I’ve been having quite a bit of fun making some income from home with being an Amazon seller. Partially because it is so simple and it takes exactly those things I hate doing out of the equation. This isn’t eBay, folks! But first, let me tell you a little history about me.
I’m an entrepreneur. I’ve always been that way. I never wanted to work for a boss, punch a clock, though I’ll admit the schedule and ability to “leave and go home” sure is nice! But when it comes down to it, my brain has constantly been coming up with new business ideas. I once had a company that sold homemade soap in guest soap sizes. I burned out and shut it all down after a year or so because of several reasons. One reason was that I found that I liked making soap but I hated making huge orders of it (especially when a client ordered thousands of bars of lavender, my most despised fragrance). The biggest reason, though, was that I really simply did not like to go and sell myself to potential clients. I still don’t like sales. I love writing sales copy. Hate sales.
So what do I do? Start another business! Yay! Okay so a few years ago I had a brilliant idea. You know those Starbucks tumblers that look like a disposable cup? I fell in love with them but they were so.impossible.to.find. So, serendipity took its course and one day I happened across an ad for a factory that made them. OOoooo! I figured this – if Starbucks won’t keep them in stock (which, actually, is a marketing tactic to create demand, in case you didn’t know), then I WILL DO IT. Only I will do it more FUN. So, my hubby and I made an investment and we had some cups printed up. Our first run were Twilight-themed, being Team Jacob and Team Edward (which, by the way, is a HUGELY popular cup and I literally only have one left until early November). I went to a local show to see about demand, and sold enough cups to convince me. I had people see my booth from across the room and beeline straight towards me, and turned away a fair amount of customers who wanted a cup but weren’t interested in Twilighty things.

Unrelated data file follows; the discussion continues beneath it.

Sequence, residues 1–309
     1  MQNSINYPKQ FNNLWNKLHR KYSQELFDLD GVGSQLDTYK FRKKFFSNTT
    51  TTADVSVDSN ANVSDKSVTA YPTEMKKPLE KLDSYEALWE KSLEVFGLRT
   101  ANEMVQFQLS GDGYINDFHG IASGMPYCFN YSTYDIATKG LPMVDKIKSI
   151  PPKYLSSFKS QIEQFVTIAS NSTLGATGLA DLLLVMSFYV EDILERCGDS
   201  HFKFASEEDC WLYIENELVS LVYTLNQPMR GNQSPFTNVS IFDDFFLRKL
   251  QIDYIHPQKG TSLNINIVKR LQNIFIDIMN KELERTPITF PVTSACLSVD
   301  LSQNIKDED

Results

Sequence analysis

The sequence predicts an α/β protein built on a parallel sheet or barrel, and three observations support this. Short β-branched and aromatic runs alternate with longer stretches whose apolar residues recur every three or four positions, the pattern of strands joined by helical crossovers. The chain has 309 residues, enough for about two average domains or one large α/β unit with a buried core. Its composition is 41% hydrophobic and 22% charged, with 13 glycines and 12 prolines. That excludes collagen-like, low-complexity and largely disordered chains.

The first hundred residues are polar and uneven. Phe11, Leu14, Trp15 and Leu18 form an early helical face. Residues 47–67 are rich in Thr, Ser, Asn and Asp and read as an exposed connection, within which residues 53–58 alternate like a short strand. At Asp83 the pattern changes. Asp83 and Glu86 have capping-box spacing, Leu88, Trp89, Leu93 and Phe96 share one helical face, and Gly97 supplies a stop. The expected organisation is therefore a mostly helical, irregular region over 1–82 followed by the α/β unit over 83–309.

Except there I was, selling again. Not my most favorite use of time. Well, time went on. I set up a website and an online store, started marketing online, only to find there’s not a whole lot of demand for these cups online because they were such a new item. So, then I got pregnant, things languished in the storage shed, life goes on. And then about 2 months ago my dear favorite marketers Wanda and Paula had a guest post on their blog by someone who was advocating diversifying your income by becoming an Amazon seller. Well, I’d looked at Amazon, and decided against them because I could make more money selling them on my own. WRONG! I had only sold ONE cup online. Amazon may take more in fees, but they have the TRAFFIC to make up for it.
So, after much discussion with my husband (mostly AT my husband, since he just kinda lets me do my thing… lol) I decided to go for it. Why? Because of this little thing called “Fulfillment by Amazon.”
Let me tell you something. This was friggin awesome. I can literally pack up a big ol box of cups, ship it to Amazon (and get a major discount on shipping while I’m at it), and then they warehouse the cups. When someone orders, they take the order, pick, pack and ship it, then also they deal with any customer service issues and returns. I literally don’t have to do anything but send them the stuff and they sell it for me! I won’t deny it, they do take a pretty decent cut, and there is a monthly fee to be an “Amazon Pro Merchant” which kinda stinks. I have to be a Pro Merchant because my items are unique and have no barcode. So there’s definitely some cons to it, mainly the cost. I wish I could just be an individual seller and then I’d be charged a per-sale fee but hopefully once I get some volume going it’ll make up for it. But I don’t begrudge them the cost, mainly because of all the work they do – I don’t have to deal with warehouse, shipping, customer service, and of course the big one – attracting customers!